Sen. Marco Rubio on Wednesday sent a letter to President Joe Biden asking for an explanation for “downgrading Taiwan’s representation” at the recent Summit for Democracy that Biden hosted last week.
“Decades of a failed engagement policy should have taught us by now that making concessions to Beijing is a one-sided and fruitless endeavor. And yet it continues,” the Florida Republican wrote, according to a press release. “The Chinese Communist Party never reciprocates such concessions, nor do they exercise constraint, or otherwise modify their bombastic response to our perceived political offenses. All that your administration accomplished in downgrading Taiwan’s representation was to once again signal weakness rather than resolve.”
Rubio noted that during the speech by Taiwanese Minister Audrey Tang her video feed was cut off just after she displayed a slide in her presentation showing Taiwan as an autonomous country. The audio of her presentation continued, but the video showed a Zoom profile picture with a disclaimer stating that “Any opinions expressed by individuals on this panel are those of the individual, and do not necessarily reflect the views of the United States government.”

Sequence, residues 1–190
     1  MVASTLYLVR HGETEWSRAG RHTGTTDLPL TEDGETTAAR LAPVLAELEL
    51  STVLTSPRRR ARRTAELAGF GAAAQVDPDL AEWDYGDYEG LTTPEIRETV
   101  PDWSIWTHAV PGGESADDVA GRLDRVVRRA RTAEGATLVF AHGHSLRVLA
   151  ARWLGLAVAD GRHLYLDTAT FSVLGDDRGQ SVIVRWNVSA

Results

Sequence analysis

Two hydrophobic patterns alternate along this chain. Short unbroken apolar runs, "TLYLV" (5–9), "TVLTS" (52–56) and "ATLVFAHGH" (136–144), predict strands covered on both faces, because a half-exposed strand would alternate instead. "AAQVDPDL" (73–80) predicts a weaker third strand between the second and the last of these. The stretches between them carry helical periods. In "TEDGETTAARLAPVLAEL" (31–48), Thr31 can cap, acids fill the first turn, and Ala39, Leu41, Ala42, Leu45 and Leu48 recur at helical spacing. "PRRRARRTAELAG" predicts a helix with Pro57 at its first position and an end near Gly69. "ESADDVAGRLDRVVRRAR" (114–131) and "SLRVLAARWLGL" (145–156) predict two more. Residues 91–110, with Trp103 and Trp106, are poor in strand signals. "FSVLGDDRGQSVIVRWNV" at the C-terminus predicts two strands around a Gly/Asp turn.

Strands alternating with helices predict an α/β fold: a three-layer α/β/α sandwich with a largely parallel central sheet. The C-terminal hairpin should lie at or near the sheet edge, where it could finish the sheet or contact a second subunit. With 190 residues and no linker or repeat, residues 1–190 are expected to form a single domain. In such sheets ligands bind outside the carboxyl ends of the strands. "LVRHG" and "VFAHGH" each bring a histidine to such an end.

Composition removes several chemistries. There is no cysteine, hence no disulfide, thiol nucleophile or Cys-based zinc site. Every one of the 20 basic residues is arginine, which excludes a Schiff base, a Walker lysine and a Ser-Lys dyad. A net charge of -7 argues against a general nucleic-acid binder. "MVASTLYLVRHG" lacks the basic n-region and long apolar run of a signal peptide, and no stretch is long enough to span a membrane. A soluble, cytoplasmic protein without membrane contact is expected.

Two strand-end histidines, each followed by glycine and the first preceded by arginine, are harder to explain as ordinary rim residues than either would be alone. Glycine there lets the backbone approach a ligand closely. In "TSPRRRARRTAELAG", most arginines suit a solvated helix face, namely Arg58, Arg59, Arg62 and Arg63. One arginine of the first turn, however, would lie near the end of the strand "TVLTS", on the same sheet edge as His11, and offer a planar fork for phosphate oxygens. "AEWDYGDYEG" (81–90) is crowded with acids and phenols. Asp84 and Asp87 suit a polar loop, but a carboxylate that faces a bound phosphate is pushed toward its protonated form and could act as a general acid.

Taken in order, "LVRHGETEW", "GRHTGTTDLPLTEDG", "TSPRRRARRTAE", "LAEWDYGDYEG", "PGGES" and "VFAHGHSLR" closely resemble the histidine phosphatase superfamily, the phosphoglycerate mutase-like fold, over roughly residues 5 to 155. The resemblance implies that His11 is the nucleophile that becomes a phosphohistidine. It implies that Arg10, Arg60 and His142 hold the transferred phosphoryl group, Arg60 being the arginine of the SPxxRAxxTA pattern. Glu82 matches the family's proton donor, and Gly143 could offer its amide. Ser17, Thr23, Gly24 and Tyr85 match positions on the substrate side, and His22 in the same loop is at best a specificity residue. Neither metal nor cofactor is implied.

The senator wrote in his letter to Biden that “sadly, your administration’s attempts to accommodate Beijing did not stop with downgrading Taiwan’s representation. According to widely available press reports, White House officials cut off the transmission of Minister Tang’s video while she was presenting because Tang had a map that displayed China and Taiwan in different colors. If true, this is yet another concession to the CCP.”
He also questioned why Taiwan was represented at the summit by a digital democracy program director and not a head of state, like each of the other countries taking part in the event.
“Taiwan should have been represented at the summit by its duly-elected head of state, President Tsai Ing-wen, not by an unelected lower-level official of your choosing,” Rubio said. “The Taiwan Travel Act stipulates that U.S. policy should ‘allow high-level officials of Taiwan to enter the United States, under conditions that demonstrate appropriate respect for the dignity of such officials, and to meet with officials of the United States…’ While this summit was virtual and did not require travel, your decision to invite a lower-level official to represent Taiwan was clearly at odds with the spirit of the Taiwan Travel Act.”